California Senate Bill 27: Use of Antimicrobial Drugs in Livestock
What is it?
On Saturday, Oct. 10, 2015, California Gov. Jerry Brown signed Senate Bill 27. The bill is similar in most regards to the federal regulations on the judicious use of Medically Important Antimicrobial (MIA) drugs in food-producing animals outlined in GFI 209 and 213 (see VFDs more details). Antibiotics that are deemed important for use in human medicine will be restricted to use in livestock for therapeutic purposes only and by prescription from a veterinarian.
The bill specifies when an MIA drug may be used:
It also will require the California Department of Food and Agriculture (CDFA) to gather information on MIA drug sales and usage, antimicrobial resistant bacteria, and livestock management practice data.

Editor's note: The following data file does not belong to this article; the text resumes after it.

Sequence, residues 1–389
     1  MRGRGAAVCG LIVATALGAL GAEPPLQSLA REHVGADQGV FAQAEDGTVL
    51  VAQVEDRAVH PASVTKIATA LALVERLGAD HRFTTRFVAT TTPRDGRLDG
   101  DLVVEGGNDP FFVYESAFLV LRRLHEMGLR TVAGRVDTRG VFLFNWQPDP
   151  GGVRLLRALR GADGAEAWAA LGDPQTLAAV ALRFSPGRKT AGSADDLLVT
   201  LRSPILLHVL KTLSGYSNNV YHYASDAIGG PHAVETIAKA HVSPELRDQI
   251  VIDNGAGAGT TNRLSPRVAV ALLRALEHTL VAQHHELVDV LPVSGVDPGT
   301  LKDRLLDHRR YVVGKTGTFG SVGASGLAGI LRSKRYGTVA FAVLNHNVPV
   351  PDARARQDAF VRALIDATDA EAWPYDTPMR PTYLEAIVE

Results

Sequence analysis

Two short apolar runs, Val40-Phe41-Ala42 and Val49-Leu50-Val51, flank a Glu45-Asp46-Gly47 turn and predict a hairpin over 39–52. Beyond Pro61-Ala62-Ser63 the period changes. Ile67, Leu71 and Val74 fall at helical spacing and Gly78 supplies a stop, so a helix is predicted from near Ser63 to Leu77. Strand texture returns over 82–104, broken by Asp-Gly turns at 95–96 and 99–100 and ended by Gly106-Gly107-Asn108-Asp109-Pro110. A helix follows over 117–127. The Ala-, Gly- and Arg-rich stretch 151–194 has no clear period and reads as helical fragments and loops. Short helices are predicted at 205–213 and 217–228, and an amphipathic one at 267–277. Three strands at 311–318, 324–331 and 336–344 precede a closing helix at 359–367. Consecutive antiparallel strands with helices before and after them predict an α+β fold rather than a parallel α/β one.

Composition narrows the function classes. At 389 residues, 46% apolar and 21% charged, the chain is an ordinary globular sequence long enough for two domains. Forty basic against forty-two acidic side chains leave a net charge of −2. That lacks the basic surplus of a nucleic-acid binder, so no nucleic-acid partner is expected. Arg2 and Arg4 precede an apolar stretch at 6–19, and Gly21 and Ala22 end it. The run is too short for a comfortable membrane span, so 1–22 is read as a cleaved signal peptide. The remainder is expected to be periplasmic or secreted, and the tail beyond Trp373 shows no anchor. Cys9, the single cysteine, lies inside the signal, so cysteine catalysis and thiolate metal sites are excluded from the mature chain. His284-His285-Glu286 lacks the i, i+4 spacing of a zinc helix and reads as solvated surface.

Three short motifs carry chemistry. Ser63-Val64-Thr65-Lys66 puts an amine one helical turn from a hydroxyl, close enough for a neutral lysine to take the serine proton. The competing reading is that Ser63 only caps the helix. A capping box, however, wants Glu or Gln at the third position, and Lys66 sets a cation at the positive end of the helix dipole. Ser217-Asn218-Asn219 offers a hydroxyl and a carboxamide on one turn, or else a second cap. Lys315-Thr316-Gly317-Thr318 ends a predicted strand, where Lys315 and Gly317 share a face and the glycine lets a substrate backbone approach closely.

When does it take place?
Senate Bill 27 takes effect January 1st, 2018. This is one year after the federal regulations for VFDs and water medications become active.
What does it mean to veterinarians?
All antimicrobials deemed important for use in human medicine will require a prescription from a veterinarian with a valid veterinary-client-patient relationship. California defines a valid VCPR in Section 2032.1 of Title 16 of the California Code of Regulations.
The main difference with this bill and the federal regulation is that it applies to all routes of administration, including injectable antibiotics, as well as antibiotics meant for water or feed. This will result in injectable antibiotics currently available in feed stores as an over-the-counter product becoming prescription only in the state of California. Since several intramammary drugs have active ingredients (eg. erythromycin, penicillin, cephalosporins) that are considered important for use in human medicine, they may also become prescription only in the state of California.
This bill also specifies that prophylaxis use of MIA may only be used if an elevated risk for disease/infection exists as determined by a veterinarian.